STATE EMPLOYEES RIGHT TO SHOP: On Wednesday, the House Committee on Health and Mental Health Policy met in executive session to vote “do pass” HB 125, sponsored by Rep. Keith Frederick (R-Rolla). This bill creates the “Right to Shop Act.” The bill defines a “patient” as any person employed full time by the state or a participating member agency or a person eligible for coverage by a state-sponsored retirement system or a retirement system sponsored by a participating state agency. The bill requires a health care provider to disclose the allowable amount, if subject to insurance, or amount that will be charged for a nonemergency admission, procedure, or service if requested by a patient or prospective patient. If a health care provider is unable to quote a specific amount due to an inability to predict the specific treatment or diagnostic code, the provider must disclose what is known for the estimated amount, the incomplete nature of the estimate, and the ability of the patient or perspective patient to obtain an updated estimate once additional information is determined. If a patient or perspective patient is covered by insurance and the health care provider is in-network, upon request the provider must provide sufficient information regarding the proposed admission, procedure, or service for the patient to obtain a cost estimate of out-of-pocket expenses from his or her insurance carrier.
The full bill summary may be found here:
DENTAL PROFESSIONALS IN HOSPITALS: On Wednesday, the House Committee on Health and Mental Health Policy met in executive session to vote HB 762 sponsored by Rep. Jay Barnes (R-Jefferson City) “do pass”. This bill allows licensed hospitals to employ a dentist, an oral and maxillofacial surgeon, and a maxillofacial prosthodontist to treat conditions specified in the bill.
MANDATORY REPORTING FOR LONG-TERM CARE: On Thursday, the House Committee on General Laws met in executive session to vote “do pass” 13-0 HCS HB 551, sponsored by Rep. Mike Bernskoetter (R-Jefferson City).
This bill amends provisions relating to reporting of suspected abuse and neglect of a resident of a long-term care facility who is 60 years of age or older or an eligible adult. Currently, a report is required to be made to the Department of Health and Senior Services in the event of suspected abuse or neglect. Under this bill, in the event of suspected sexual assault of the resident, specified mandated reporters shall also report to local law enforcement under the procedures of the federal Elder Justice Act of 2009.
The bill has been referred to the House Committee on Rules-Legislative Oversight.
BUDGET UPDATE: This week the House finished crafting their version of the $27.8 billion FY 2018 budget before the full House. There were very few surprising changes made during debate. Money for DUI checkpoints was stripped of all funding but for $1 as the House appropriations committee believes that saturation patrols are more effective. The Foundation Formula is fully funded but is expected to trigger serious negotiations with the Senate who have already expressed concerns. The $6 million given to fund the State Public Defenders Office was returned to the Office of Attorney General. An additional $1.5 million was given to the Secretary of State to aid in educating voters regarding Voter ID laws. Language was added which would prohibit the use or study of toll-roads, the expansion of Medicaid, and lower tuition for DACA students.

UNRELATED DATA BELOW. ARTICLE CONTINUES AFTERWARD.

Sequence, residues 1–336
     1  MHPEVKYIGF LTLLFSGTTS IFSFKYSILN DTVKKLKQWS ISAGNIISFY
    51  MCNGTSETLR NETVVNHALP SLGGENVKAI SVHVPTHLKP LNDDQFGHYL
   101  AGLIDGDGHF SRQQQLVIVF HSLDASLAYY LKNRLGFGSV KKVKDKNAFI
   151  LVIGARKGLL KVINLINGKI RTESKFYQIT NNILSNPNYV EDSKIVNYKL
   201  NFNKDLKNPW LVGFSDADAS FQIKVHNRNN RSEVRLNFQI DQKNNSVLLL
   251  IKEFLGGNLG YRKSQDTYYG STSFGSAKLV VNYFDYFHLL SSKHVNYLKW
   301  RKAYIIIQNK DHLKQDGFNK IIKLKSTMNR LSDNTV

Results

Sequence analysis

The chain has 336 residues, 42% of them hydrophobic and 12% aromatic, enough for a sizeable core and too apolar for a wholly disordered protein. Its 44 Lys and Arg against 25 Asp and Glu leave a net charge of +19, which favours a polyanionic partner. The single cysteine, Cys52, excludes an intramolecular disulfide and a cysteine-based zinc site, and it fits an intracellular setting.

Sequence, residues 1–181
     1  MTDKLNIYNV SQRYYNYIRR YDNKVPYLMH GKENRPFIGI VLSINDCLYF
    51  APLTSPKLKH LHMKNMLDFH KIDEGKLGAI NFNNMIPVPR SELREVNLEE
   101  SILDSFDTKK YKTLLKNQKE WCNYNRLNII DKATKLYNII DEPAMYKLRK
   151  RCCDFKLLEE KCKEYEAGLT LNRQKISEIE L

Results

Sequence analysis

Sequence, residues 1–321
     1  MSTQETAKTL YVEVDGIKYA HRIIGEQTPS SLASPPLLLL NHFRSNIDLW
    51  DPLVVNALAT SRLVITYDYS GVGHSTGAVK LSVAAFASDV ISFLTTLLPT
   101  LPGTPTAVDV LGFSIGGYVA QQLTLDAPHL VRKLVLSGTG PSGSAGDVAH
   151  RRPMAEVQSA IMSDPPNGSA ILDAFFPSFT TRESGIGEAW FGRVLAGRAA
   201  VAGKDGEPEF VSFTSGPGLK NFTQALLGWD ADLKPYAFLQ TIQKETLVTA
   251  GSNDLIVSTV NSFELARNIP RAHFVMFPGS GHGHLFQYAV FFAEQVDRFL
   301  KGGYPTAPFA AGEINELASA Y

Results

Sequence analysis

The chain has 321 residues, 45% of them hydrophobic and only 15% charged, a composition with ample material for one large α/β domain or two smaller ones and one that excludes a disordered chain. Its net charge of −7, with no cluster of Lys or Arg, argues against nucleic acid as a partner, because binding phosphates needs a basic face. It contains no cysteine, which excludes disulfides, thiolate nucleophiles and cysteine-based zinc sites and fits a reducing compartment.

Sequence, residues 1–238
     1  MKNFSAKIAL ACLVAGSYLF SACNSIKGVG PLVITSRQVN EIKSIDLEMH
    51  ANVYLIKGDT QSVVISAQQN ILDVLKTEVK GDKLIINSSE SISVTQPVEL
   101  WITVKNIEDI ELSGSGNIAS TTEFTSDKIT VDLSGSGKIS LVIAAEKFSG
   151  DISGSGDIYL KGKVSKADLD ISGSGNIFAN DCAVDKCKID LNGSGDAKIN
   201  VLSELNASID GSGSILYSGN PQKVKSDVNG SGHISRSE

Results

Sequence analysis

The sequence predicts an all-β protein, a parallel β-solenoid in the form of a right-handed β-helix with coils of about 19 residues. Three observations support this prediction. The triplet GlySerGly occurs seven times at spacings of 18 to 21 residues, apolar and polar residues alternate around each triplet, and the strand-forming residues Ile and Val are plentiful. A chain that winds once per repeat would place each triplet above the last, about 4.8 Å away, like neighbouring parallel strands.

It is expected the Senate Committee on Appropriations will begin working on crafting their version of the budget early next week. The constitutional deadline to deliver a Truly Agreed to version of the budget is May 5th.
In the news…
- This week, Governor Eric Greitens announced his initiative to bring broadband internet access to Missouri’s rural school districts. Greitens said that $45 million would be invested in the program, comprised of $6 million in General Revenue funds matched by $39 million by the Federal Communication Commission’s E-Rate Program. It remains to be seen whether the General Assembly will approve this GR funding.
- Attorney General Josh Hawley this week took aim at the issue of human trafficking in a press conference at a St. Louis safe house for human trafficking victims. Hawley said that “If traffickers attempt to use a business to mask their criminal enterprise, we will shut them down and we will hold them personally liable with civil and criminal penalties.” According to Missourinet press reports, these initiatives are the first of their kind in the nation and involve using the states consumer protection laws to target human traffickers. Hawley says many human traffickers use a business, such as a nail salon or a bar as a front for human trafficking.